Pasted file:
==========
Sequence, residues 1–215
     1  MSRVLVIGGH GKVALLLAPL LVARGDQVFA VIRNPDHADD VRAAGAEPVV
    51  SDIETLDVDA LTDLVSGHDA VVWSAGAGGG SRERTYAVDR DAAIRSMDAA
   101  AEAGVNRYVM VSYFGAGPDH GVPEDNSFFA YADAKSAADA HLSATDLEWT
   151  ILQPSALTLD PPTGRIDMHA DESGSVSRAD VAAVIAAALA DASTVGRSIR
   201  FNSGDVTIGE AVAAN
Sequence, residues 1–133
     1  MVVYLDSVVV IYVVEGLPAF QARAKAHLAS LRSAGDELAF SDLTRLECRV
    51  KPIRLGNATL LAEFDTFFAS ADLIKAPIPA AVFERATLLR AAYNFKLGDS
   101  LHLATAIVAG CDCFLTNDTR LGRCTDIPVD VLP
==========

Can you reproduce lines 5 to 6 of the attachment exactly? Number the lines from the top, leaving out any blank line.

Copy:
   151  ILQPSALTLD PPTGRIDMHA DESGSVSRAD VAAVIAAALA DASTVGRSIR
   201  FNSGDVTIGE AVAAN